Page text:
Published: Wed, December 06, 2017
Sports | By Ivan Ross

Supreme Court may back New Jersey in sports betting case

Supreme Court may back New Jersey in sports betting case

Justice Anthony Kennedy, often the court's swing vote, said the federal law "leaves in place a state law that the state does not want".

The American Gaming Association, which represents casinos, has long argued that the ban on sports wagering in states has created a $150 billion illegal market. In the meantime, New Jersey residents and visitors are welcome to try virtual sports betting at SugarHouse.

After arguments, Gov. Chris Christie (R-New Jersey) said, "I believe here, that it's very clear, the federal government overstepped its bounds".

The National Governors Association and the National Conference of State Legislators have filed briefs supporting New Jersey. The state was arguing that the law, the Professional and Amateur Sports Protection Act (PASPA), was unconstitutional. The state said the law violates the court's interpretation of the 10th Amendment as barring Congress from controlling how states regulate private parties. "It says, 'You can't regulate'".

Wall said that neither Congress nor the lower courts expected New Jersey to engage in "gamesmanship" with its self-styled "partial repeal" that brought the case to this point. Federal courts sided with the NCAA and the leagues, rejecting the state's argument that PASPA violates the 10th Amendment on the ground that the law does not require the states to do anything.

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"I am hopeful that the Supreme Court will decide in New Jersey's favor, and the GAME Act provides the necessary legal framework for states to move forward", Pallone said in a statement.

That said, National Basketball Association commissioner Adam Silver has softened the stated stance of his league in recent years, and advocated for the regulation of sports betting.

The high court heard arguments Monday over New Jersey's challenge to a 1992 federal law that has banned sports betting in most states.

The 1992 federal law included an exception for Nevada which allowed it to continue licensing betting on sports.

Legalized sports betting would be "the lifeblood of Atlantic City and our racetracks", said state Sen. Christie's term ends Jan.16, so when the Court comes down with its decision, it will be announced as Murphy v. NCAA.

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The case has been a highly-anticipated one, since a ban lifting could bring bookmaking of professional sports not only in the state of New Jersey, but also in many other USA states over the next half a decade. A favorable ruling for the states would mean Texas could enact legislation legalizing sports wagering, which if it were to happen, would be a fascinating (and gigantic) step toward more mainstream acceptance of gaming in our state, as right now, Houstonians have to drive over two hours to play a legal game of blackjack or roulette, let alone place a wager on the Texans or Rockets.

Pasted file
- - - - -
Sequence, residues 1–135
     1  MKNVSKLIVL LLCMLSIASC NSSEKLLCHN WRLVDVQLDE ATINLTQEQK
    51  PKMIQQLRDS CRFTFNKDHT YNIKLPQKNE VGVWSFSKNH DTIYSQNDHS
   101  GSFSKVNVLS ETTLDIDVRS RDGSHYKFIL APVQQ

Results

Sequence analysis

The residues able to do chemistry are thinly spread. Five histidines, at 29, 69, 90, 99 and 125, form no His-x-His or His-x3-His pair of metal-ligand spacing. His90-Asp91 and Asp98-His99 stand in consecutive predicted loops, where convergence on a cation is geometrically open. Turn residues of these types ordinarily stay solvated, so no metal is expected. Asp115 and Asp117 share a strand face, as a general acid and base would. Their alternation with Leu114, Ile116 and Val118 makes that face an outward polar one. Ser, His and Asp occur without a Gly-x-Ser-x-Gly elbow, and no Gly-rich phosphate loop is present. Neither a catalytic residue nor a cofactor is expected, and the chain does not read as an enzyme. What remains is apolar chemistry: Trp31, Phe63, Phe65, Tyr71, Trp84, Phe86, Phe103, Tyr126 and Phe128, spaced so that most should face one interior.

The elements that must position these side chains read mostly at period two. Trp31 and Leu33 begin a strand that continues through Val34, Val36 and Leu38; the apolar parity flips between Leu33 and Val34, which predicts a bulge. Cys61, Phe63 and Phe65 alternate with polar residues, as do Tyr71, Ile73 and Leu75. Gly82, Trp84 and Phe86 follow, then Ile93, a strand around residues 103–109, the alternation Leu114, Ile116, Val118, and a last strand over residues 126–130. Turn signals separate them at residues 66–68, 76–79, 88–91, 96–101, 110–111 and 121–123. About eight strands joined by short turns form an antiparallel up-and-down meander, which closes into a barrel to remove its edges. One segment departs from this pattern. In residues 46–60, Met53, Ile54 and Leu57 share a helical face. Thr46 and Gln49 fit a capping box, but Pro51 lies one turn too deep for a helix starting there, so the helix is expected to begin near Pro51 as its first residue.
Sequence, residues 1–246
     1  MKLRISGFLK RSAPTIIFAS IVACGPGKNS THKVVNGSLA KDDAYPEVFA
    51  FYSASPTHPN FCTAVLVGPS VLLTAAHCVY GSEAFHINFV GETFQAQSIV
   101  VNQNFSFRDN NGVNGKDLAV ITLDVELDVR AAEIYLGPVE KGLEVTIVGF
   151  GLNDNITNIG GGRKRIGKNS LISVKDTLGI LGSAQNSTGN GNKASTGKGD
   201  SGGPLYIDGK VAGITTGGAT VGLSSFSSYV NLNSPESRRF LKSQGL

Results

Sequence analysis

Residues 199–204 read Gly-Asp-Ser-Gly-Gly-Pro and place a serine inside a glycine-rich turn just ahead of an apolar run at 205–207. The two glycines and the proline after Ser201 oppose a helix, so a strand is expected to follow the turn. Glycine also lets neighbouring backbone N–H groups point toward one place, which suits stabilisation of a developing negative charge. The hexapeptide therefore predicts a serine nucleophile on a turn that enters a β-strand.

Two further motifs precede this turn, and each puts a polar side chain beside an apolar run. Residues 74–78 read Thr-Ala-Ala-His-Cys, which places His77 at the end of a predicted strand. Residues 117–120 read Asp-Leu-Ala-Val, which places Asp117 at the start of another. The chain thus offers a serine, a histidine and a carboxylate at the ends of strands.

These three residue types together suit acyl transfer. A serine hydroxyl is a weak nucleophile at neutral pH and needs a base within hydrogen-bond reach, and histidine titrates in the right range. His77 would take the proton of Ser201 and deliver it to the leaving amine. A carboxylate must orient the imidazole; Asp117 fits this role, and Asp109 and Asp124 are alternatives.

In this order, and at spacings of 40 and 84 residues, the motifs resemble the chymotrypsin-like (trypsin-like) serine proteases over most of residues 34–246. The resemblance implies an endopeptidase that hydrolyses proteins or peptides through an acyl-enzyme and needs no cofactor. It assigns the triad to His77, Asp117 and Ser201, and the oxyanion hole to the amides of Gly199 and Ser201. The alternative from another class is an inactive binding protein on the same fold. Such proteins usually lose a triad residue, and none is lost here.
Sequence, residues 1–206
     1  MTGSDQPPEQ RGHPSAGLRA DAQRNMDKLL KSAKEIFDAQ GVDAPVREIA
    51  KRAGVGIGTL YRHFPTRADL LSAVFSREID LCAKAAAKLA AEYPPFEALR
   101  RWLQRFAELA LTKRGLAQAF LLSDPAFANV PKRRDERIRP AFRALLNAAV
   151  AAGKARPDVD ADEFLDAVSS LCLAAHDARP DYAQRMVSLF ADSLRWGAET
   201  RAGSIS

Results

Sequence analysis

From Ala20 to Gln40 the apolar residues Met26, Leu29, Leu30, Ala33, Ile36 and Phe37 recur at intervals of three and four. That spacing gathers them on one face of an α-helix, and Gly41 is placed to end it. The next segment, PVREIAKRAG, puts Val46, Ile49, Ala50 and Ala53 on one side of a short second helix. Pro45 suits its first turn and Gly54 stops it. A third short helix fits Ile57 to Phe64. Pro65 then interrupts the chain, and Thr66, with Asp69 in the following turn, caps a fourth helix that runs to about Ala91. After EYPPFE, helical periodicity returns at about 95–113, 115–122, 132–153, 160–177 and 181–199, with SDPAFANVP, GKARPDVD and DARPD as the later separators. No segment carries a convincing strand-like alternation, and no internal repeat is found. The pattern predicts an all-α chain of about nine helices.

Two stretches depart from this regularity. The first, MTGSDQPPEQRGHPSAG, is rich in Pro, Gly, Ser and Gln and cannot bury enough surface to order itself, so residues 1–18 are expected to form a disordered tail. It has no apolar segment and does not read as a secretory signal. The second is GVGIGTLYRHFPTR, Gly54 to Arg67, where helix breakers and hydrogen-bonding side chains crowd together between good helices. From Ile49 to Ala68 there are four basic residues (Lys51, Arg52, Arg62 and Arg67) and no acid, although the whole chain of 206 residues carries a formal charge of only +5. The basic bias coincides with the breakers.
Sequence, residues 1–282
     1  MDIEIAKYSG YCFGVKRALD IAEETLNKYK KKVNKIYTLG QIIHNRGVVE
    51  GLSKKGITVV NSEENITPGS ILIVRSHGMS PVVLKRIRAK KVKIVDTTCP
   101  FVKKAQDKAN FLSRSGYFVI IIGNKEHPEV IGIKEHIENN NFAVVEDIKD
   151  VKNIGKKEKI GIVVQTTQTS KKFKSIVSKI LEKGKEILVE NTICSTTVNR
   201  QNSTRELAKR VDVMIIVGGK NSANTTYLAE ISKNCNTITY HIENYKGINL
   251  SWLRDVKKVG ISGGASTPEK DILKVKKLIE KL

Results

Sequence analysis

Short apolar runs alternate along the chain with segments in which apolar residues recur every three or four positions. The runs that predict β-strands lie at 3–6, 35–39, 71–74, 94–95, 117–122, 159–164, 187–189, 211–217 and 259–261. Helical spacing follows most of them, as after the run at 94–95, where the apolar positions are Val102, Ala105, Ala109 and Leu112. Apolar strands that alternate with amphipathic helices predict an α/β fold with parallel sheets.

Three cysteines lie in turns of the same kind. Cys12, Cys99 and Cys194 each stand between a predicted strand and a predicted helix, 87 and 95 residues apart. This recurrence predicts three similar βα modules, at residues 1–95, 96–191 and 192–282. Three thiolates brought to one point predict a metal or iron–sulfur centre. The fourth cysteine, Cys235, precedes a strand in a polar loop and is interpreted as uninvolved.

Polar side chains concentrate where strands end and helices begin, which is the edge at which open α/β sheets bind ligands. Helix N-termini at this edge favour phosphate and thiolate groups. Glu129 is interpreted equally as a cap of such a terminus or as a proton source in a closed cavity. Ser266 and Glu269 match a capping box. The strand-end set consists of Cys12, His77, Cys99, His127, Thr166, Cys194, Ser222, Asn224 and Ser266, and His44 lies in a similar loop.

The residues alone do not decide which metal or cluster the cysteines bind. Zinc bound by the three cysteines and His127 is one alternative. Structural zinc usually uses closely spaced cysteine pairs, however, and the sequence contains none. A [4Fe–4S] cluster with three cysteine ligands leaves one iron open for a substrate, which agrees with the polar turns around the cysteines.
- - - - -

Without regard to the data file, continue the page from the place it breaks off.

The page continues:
A few minutes later, in response to a hypothetical question from Chief Justice John Roberts about whether the federal government could order the states to reduce their expenditures on state pension benefits, Kennedy complained that such a scenario "blurs political accountability" because citizens don't know whether the policy is coming from the federal or state government. Other than Breyer, the court's liberal-leaning justices indicated support for the existing law.

"Well, but when you put the state in a position that that's the only thing they can do, that's not a real choice", Roberts said. "Can they do that?"

Alito struck to the heart of that matter during Clement's time, stating that Congress, if it had wanted to, could have prohibited sports wagering enterprises (or sportsbooks, or operations) as a whole. "What policy does this statute serve that that would not?" he asked Clement.

The Professional and Amateur Sports Protection Act, which is now the existing law, was backed by the National Collegiate Athletic Association (NCAA). "This is the fear of every governor, that we'll be at the mercy of the federal government and that they'll make us pay for it". raises $12 million from Bill & Melinda Gates Foundation and others
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While legalizing sports betting nationwide has public support, U.S. Solicitor General Noel Francisco thinks the sports betting ban outside Nevada should continue. MS and CT have already passed legislation that would let them offer sports gambling nearly immediately.

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